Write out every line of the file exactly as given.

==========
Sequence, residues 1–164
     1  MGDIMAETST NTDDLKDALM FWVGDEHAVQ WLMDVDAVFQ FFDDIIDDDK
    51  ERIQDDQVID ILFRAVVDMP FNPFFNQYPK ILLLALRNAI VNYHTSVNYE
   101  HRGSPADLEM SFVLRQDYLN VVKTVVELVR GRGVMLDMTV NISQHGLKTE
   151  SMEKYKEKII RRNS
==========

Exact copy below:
Sequence, residues 1–164
     1  MGDIMAETST NTDDLKDALM FWVGDEHAVQ WLMDVDAVFQ FFDDIIDDDK
    51  ERIQDDQVID ILFRAVVDMP FNPFFNQYPK ILLLALRNAI VNYHTSVNYE
   101  HRGSPADLEM SFVLRQDYLN VVKTVVELVR GRGVMLDMTV NISQHGLKTE
   151  SMEKYKEKII RRNS